We asked our friend and Marion County Clerk Beth White to share her views as it pertains to redistricting and she has sent along the following piece about redistricting at the local level.
White got a rocky start as chief election administrator for Marion County when she was left a shamble of an office by her predecessor but has since whipped the office and in particular the election administration and voter registration departments into great shape.
The job of county clerk is a demanding and thankless gig in smaller counties and exponentially more so in the state capitol. She is a dedicated public servant who handles her difficult duties with dignity. We look forward to her reelection:
As the chief election official in Marion County, I believe it is important that the voters of our county have every confidence in our elections. My staff has worked very hard to improve the way we manage elections– from partnering in the development of real-time, Web-based Election Day incident reporting software to reaching out to young voters through yVote! to increasing the ranks of our well-trained poll workers. While no election is perfect, we have steadily improved preparation and execution of the election process.
In 2010, the federal government is undertaking its decennial census, the accuracy of which is not only important for many local, state and federal programs, but also to election administration. It has been reported that 1 in 5 people living in the US do not plan to be counted in the census, which could be a disaster for Indianapolis. It is critical that we encourage our friends, neighbors and co-workers to participate in the process to ensure our elected officials have the best data to use when redistricting our state and local offices.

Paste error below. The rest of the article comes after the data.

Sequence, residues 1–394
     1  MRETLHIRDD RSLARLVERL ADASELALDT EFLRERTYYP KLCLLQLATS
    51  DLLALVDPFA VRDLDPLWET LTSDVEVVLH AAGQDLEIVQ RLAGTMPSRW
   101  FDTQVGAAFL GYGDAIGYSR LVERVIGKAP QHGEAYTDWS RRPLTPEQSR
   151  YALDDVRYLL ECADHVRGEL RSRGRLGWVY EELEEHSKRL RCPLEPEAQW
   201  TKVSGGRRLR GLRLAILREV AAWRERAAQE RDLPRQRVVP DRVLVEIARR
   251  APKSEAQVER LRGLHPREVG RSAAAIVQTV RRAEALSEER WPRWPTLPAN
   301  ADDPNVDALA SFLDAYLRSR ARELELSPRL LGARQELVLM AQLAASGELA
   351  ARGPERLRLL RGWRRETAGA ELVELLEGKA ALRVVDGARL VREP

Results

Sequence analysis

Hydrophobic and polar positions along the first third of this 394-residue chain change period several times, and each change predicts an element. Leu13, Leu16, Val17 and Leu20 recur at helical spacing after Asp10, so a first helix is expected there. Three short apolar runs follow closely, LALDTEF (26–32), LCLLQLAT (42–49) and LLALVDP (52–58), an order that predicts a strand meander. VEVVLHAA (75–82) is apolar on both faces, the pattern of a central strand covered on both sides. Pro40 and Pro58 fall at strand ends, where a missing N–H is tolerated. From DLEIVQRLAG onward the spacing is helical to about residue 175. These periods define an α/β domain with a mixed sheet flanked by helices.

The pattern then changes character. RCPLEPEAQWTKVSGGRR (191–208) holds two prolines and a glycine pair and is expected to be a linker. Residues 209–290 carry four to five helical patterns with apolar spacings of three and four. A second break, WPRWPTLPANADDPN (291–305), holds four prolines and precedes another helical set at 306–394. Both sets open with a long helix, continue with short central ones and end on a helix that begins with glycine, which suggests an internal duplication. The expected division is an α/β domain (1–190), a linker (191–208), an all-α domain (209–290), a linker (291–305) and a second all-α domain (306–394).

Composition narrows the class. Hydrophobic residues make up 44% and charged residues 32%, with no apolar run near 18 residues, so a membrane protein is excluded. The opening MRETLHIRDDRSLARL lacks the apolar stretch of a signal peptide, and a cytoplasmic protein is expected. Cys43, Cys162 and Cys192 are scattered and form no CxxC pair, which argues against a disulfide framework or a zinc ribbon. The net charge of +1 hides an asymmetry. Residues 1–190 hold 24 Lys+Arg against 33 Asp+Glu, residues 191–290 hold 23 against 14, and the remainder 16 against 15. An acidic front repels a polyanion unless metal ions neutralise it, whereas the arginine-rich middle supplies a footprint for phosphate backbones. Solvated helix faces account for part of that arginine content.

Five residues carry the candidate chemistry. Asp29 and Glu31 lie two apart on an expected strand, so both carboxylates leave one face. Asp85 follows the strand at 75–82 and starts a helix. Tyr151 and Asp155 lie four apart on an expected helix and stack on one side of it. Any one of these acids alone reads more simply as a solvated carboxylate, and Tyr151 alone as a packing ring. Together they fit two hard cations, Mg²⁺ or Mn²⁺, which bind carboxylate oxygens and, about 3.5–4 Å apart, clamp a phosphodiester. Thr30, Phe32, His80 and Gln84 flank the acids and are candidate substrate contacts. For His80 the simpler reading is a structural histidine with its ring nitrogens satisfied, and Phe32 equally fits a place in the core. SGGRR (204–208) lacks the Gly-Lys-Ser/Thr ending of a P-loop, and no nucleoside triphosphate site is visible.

To that end, state law requires the Indiana General Assembly to redistrict all state legislative districts in 2011, using the 2010 census data. State law also requires local bodies to redistrict their offices in 2012, also using the 2010 census data. It is my understanding that there have been conversations about redistricting the boundaries of our local elected offices this year or next using census data from 2000, which is sorely outdated. Cynically, this would be an effort to influence the outcome of the 2011 election, spending hundreds of thousands of dollars when the process would be repeated the very next year. This move would undermine the confidence in our elections, and be detrimental to our democratic process. I hope the process, set out in statute and using the most current data, proceeds in an appropriate way.
If given the opportunity to serve the voters beyond 2010, I look forward to working with the Indiana General Assembly and our City-County Council in implementing new districts that reflect the current demographic of our community and running elections based on those districts in a timely and efficient manner. The people of this community deserve nothing less.